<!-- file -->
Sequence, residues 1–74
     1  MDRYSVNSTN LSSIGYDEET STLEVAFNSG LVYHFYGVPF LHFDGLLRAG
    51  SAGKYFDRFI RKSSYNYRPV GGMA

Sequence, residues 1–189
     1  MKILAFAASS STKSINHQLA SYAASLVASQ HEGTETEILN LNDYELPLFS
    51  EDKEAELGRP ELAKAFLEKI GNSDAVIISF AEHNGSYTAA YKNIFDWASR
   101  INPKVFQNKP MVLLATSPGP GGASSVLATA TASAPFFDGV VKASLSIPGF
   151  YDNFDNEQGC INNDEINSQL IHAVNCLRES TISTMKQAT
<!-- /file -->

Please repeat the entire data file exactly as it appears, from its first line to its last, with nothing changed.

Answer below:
Sequence, residues 1–74
     1  MDRYSVNSTN LSSIGYDEET STLEVAFNSG LVYHFYGVPF LHFDGLLRAG
    51  SAGKYFDRFI RKSSYNYRPV GGMA

Sequence, residues 1–189
     1  MKILAFAASS STKSINHQLA SYAASLVASQ HEGTETEILN LNDYELPLFS
    51  EDKEAELGRP ELAKAFLEKI GNSDAVIISF AEHNGSYTAA YKNIFDWASR
   101  INPKVFQNKP MVLLATSPGP GGASSVLATA TASAPFFDGV VKASLSIPGF
   151  YDNFDNEQGC INNDEINSQL IHAVNCLRES TISTMKQAT